EMRs – the New “Land Rush”

The new federal effort to establish a mandatory electronic medical records (EMR) system in providers’ offices and facilities is being likened to the health information industry’s “Oklahoma land rush.” But critics, health care workers, and health information system industry leaders are expressing caution, a Business Week article says.

The effort is part of the new economic stimulus bill enacted in February. Physicians will get up to $44,000 to help implement systems, while hospitals will get millions of dollars. Current EMR vendors are re-tooling to meet expected federal specifications, and giants like General Electric, IBM, Microsoft, Google, and even Wal-Mart’s Sam’s Club stores are entering the fray.

So far, critics and industry experts contend, efforts to digitize and coordinate records, coding, billing, and other facets of health care have proved expensive and have fallen short of financial and patient care expectations. Some successes — most notably by the Veteran’s Administration and Kaiser Permanente — fuel optimism, but the failure of many systems to communicate accurately continues to frustrate providers and facilities.

The Holy Grail of a complete system that maintains records, codes, audits, manages healthcare revenue, and safely coordinates tests and prescriptions still appears a long way off for most who are trying to implement the current systems, the article reports.

The article points to examples of incompatible systems that negatively impacted costs and patient care and discusses a Joint Commission for Accreditation of Health Organizations (JCAHO) caution regarding possible patient care problems originating from integrated electronic medical record systems. It also discusses recent papers in medical journals outlining studies indicating these systems cost more than anticipated.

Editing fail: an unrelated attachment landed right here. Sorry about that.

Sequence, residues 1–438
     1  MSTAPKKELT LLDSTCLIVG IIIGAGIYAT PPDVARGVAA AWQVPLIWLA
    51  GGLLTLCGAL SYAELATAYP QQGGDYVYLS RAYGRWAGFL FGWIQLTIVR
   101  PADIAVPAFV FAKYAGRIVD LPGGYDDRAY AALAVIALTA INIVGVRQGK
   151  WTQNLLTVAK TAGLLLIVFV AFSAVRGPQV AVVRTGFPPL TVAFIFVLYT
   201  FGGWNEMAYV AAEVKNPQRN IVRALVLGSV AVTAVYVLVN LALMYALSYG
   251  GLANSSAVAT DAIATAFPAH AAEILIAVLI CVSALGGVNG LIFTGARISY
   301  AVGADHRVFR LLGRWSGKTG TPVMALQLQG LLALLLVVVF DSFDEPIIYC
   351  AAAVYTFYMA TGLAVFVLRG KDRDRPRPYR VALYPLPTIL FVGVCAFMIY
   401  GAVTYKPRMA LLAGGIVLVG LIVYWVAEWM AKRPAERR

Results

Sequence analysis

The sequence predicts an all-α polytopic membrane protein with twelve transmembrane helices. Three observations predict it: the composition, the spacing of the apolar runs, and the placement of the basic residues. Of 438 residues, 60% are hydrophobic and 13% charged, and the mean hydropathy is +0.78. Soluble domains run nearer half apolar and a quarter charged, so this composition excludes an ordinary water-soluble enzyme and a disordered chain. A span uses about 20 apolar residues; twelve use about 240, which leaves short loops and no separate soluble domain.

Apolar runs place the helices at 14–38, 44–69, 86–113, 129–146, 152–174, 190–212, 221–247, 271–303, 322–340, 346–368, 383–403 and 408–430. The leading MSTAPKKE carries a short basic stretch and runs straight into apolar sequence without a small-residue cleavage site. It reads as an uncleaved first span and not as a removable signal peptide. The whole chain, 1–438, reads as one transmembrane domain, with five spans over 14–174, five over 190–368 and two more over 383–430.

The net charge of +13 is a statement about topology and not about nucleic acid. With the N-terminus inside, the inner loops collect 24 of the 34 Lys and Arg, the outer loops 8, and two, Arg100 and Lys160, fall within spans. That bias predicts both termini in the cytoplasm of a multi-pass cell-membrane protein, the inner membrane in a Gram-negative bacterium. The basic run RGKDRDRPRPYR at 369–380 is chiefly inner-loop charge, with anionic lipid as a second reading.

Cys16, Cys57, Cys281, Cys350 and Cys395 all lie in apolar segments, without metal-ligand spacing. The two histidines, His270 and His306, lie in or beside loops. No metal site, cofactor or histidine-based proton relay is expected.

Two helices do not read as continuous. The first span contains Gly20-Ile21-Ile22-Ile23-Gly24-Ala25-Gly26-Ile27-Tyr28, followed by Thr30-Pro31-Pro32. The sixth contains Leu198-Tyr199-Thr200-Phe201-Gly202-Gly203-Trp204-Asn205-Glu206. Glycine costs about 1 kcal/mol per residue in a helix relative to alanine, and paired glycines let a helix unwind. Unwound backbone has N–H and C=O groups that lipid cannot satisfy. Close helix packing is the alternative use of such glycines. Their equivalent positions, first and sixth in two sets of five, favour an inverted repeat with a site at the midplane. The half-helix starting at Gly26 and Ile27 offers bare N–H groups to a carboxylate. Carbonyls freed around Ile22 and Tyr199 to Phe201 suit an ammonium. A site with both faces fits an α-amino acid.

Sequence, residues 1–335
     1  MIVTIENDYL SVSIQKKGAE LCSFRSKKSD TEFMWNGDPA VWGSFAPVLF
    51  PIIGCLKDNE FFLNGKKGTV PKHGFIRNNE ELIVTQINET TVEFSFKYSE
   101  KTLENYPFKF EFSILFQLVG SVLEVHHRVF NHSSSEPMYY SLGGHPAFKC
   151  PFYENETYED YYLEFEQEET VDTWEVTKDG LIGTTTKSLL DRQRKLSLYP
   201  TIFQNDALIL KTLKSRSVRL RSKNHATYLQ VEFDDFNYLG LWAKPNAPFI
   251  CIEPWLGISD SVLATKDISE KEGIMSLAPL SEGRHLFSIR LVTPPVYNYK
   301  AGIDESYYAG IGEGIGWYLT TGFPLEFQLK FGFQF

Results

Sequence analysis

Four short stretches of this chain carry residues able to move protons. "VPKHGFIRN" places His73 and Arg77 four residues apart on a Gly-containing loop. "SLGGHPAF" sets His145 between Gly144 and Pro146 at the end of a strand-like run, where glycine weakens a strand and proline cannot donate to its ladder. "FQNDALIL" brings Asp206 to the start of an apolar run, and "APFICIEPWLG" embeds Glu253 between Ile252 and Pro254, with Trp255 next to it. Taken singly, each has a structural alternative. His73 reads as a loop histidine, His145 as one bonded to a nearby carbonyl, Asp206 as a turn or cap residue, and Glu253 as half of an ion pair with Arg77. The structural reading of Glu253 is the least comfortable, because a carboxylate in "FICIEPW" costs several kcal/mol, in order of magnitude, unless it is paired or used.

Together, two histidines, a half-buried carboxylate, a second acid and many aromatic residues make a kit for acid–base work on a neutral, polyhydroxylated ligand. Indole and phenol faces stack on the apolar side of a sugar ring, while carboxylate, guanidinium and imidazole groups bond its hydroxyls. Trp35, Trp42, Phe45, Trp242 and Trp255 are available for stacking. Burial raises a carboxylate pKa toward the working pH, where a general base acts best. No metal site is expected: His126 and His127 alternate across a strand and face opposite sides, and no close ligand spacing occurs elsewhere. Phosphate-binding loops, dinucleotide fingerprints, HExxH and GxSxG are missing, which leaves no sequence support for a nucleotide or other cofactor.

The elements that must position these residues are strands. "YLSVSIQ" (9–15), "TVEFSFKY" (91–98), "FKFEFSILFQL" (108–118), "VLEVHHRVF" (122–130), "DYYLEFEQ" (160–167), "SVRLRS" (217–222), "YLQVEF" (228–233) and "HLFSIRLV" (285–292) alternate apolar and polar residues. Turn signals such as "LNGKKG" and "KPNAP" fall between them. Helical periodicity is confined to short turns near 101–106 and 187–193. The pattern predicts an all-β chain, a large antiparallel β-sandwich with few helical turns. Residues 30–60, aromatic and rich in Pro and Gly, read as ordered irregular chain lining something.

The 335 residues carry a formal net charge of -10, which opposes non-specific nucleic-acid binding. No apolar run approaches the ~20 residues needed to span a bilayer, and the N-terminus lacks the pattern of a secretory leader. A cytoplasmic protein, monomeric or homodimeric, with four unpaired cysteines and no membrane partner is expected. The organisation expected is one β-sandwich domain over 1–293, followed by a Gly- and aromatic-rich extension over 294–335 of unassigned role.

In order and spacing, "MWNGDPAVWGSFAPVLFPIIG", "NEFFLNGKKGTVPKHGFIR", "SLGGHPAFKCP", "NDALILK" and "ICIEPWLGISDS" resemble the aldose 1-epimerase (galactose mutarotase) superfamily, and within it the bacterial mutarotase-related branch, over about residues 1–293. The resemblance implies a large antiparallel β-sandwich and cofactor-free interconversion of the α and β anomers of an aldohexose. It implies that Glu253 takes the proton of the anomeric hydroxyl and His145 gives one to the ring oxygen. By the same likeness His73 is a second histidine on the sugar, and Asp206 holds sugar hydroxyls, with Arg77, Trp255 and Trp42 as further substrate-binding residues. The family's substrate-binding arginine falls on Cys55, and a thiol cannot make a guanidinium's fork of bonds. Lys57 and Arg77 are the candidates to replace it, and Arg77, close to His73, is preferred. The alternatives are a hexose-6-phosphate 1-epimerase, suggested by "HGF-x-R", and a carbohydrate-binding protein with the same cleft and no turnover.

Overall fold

Patient outcomes have prompted the U.S. Food and Drug Administration (FDA) to consider regulating these systems, while industry leaders hope the government relies on the Certification Commission for Healthcare Information Technology (CCHIT), a non-profit but heavily vendor-dominated group, to be the watchdog for industry standards.

CCHIT is under heavy fire from several fronts that feel the industry organization is a case of the fox ruling the henhouse by driving up EMR costs, failing to develop standards that work, and (in some cases) allowing its principals to profit to the exclusion of others.

Read more about the “land rush” and how the industry, medical societies, government, and health care reform advocates are responding on Business Week’s Web site.

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6 Responses to “EMRs – the New “Land Rush””

  1. Mickey Marsh says:

    Isn’t there an article in this very EdgeBlast about some hacker holding the VA hostage with PHI?
    And yet, they have had some “success” with their EMR systems?

  2. Michelle says:

    The article isn’t on the Veteran’s Administration (VA) it is on a program in the State of Virginia (VA). I wanted to clarify.

  3. Sean T Henry says:

    I like MedAZ for an EMR/EHR it is CCHIT certified there are a few things that can be improved on but that goes for everything.

  4. Silvana Johnson says:

    Is a CCHIT certification required for EMRs? We have worked with a company Allegiance MD, and their EMR system is great, cost effective and makes it easier for our billing department and the physician to be connected, but they are not certified.

  5. Carrie Bosela says:

    Certification is a requirement to get any of the stimulus package money. . .but they have not stated that CCHIT will be the certification they require. They may create their own cerfitication.

  6. Barbara Haworth says:

    As the office manager of a small medical practice I can say with certainty that we are being inundated with “complete packages” which are still not up to par. Our physicians are still waiting for the “holy grail” of packages!

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